Duty, Honor, CountryPublished 7:24am Wednesday, May 29, 2013
MURFREESBORO – The military plaque that makes up Army Private First Class William H. Hollingsworth’s gravestone in Riverside Cemetery has weathered with time, its surface slowly turning into a bronze patina.
The bravery and courage shown by Hollingsworth during the Korean War has stayed buried for years.
But that all changed when Edward Rainey of Murfreesboro happened upon the grave in Riverside Cemetery.
“I saw it purely by accident,” he said.
As a Korean veteran who served on the USS Iowa during the war, Rainey felt an instant connection with Hollingsworth.
From what he could read on the plaque, Hollingsworth served in the 35th Infantry Regiment, 25th Infantry Division during Korea. Hollingsworth was just 21 years old at the time of his death on July 22, 1950.
There was also another fact Rainey had knowledge of as a member of the Murfreesboro War Veterans Memorial Committee. He knew Hollingsworth’s name was not on the War Veterans Memorial monument that stands in front of the Town Hall on Broad Street.
“My only motive was to see his name get placed on the memorial,” he said.
Asking around town, he found out the solider grew up in the Pinetops community just outside of Murfreesboro across the border in Northampton County. His grandparents were Cephus and Eva Futrell and his mother, Elsie F. Hollingsworth Beasley; all are buried beside the young soldier.
For his own curiosity, Rainey dug into what he could find out about Hollingsworth’s service.
Rainey turned to the Internet and browsed the 35th Infantry Regiment Association’s Web site.
He found Hollingsworth was first listed as MIA (Missing in Action) and then KIA (Killed in Action). His military occupation specialty was 4745-Light Weapons Infantryman.
PFC Hollingsworth was awarded the Purple Heart, the Combat Infantryman’s Badge, the Korean Service Medal, the United Nations Service Medal, the National Defense Service Medal and the Korean War Service Medal.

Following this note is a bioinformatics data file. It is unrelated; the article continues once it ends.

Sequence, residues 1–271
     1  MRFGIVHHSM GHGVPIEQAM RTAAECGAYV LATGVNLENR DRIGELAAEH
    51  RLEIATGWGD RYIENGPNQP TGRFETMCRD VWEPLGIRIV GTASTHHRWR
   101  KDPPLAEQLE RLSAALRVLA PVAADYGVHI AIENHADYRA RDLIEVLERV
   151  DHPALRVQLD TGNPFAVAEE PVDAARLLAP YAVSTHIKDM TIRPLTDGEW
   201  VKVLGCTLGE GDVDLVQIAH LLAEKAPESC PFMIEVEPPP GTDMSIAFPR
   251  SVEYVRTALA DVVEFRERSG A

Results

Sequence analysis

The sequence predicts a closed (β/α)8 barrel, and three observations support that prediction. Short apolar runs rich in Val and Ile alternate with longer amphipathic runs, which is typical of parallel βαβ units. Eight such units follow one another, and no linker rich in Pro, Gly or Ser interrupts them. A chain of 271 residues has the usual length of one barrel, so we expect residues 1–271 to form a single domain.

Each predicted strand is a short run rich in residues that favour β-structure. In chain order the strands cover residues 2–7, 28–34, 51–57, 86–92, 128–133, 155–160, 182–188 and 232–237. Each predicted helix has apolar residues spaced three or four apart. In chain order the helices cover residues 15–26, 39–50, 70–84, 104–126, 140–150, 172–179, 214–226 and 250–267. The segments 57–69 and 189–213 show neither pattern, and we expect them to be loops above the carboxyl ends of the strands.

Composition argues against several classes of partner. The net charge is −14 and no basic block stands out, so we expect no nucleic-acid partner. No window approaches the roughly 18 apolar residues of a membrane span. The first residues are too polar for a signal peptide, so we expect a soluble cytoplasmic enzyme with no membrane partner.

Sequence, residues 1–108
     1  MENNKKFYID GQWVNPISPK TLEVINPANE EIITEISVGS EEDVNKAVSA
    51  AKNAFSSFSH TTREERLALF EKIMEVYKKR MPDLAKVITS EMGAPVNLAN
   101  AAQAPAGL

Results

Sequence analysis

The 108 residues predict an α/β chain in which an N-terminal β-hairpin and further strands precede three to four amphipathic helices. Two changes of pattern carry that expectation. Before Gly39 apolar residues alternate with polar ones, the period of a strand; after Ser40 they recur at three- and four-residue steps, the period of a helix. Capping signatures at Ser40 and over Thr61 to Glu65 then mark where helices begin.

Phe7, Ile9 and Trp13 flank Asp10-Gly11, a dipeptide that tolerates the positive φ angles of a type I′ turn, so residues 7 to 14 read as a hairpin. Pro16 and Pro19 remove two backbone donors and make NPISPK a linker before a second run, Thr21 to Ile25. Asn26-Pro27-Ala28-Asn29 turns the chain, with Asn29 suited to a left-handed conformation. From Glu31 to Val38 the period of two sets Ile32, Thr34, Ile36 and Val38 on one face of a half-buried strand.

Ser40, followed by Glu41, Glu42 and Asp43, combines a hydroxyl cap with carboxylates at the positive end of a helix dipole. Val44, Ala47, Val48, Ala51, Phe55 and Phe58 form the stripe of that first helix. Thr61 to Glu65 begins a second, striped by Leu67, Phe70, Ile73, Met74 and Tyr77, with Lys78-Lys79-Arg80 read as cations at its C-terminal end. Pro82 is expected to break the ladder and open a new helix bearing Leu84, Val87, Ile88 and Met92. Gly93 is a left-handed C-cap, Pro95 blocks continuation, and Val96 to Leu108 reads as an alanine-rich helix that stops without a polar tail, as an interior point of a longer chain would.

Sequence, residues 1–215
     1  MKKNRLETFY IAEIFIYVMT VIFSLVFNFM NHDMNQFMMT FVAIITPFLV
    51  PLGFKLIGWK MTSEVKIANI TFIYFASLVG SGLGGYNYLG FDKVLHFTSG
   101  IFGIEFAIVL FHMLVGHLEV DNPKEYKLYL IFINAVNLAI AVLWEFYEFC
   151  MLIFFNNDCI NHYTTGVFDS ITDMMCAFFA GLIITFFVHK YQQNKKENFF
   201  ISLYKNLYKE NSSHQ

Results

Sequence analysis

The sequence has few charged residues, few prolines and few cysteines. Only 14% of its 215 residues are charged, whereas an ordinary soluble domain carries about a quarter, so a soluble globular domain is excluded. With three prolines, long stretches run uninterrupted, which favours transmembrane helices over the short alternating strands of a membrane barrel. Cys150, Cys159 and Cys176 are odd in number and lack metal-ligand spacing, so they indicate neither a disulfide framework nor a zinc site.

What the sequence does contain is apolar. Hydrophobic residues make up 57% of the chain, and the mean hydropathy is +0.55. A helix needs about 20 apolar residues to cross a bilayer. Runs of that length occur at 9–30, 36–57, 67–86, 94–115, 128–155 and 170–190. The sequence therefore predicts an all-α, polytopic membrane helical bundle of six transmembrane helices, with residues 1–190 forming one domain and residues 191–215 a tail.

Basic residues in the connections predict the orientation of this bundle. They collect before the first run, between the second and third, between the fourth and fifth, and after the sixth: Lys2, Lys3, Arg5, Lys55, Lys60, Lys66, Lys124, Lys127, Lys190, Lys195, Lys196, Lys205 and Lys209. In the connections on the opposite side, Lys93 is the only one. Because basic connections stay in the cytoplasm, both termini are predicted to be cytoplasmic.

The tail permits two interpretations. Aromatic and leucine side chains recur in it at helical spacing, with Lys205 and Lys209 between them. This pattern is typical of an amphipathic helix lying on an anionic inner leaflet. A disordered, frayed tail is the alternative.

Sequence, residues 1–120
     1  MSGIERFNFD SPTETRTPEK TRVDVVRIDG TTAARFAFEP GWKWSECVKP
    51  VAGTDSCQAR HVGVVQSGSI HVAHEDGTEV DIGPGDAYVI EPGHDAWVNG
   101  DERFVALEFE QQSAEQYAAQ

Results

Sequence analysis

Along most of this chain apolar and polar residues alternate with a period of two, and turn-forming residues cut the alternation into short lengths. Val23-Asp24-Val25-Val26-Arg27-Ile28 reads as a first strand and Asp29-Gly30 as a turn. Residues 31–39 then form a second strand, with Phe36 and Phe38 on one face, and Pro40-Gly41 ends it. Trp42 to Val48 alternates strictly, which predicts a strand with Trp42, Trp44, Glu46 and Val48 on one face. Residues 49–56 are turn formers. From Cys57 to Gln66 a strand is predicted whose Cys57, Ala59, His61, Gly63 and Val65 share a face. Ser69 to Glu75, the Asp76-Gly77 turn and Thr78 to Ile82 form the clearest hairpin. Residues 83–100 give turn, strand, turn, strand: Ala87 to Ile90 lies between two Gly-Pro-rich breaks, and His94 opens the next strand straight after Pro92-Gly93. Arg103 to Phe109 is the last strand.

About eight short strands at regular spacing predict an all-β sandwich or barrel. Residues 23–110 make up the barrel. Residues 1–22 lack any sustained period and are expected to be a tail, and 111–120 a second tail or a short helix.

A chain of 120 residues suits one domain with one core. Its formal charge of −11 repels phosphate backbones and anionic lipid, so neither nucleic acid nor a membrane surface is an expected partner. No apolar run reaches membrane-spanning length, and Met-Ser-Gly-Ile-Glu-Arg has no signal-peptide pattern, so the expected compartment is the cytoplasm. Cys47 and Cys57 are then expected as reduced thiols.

Between July 10 and 15, 1950, the 25th Division arrived at Pusan, Korea from Japan. The troops were ordered there in response to an unprovoked attack on Republic of South Korea (ROK) by the North Korean “People’s Army” that occurred nearly a month before. The Division’s commands were to bolster ROK defenses of the central mountain corridors.
After days of fighting off and on with the enemy, American troops and ROK sought to protect the town of Sangju from being taken over by the North Koreans.
Recent heavy rains had swollen a nearby stream behind where the ROK and F Company of the 35th Regiment were positioned. The flooding was so severe that torrents of water were rolling large boulders along the channel.
On July 22, the North Koreans attacked. While the ROK troops resisted briefly, they eventually withdrew from around F Company without telling them of their intentions.
Rainey estimated approximately 160 Americans were left to fight more than 30,000 North Koreans. This precipitated an unorganized withdrawal.
The swollen stream prevented those with F Company from crossing the south side to where the 2nd Battalion was located. Many soldiers who tried to cross the stream either drowned or were carried by the current back to the same banks they were trying to flee.
Platoon tanks located on the south side were able to hold off the enemy to allow those that survived to escape. At the end of the battle six men were killed, 10 were wounded and 21 were missing from F Company.
From what he gathered, Rainey surmises Hollingsworth was among the first Americans killed in the Korean War—the official start of which is listed as June 25, 1950.
For two years Rainey held onto Hollingsworth’s name to be placed on the War Veterans Memorial. He said he believed that five names had to be collected before more could be added. During that time Rainey explored other options, including having Hollingsworth’s name added to Conway’s Veterans Memorial Park.
However on Tuesday, Rainey received approval for Hollingsworth to be added onto the Murfreesboro monument. The engraving will be scheduled in the future.
“I feel it’s the right thing to do,” he said.
Rainey said Hollingsworth’s story makes him think of the other men who lost their lives while in the service of their country and have not been recognized for their sacrifice.
He added it’s a comfort for him to know Hollingsworth will be acknowledged.
“If anybody earned a spot on there, he did,” he said. “Murfreesboro should proud to have a son that served the way he did.”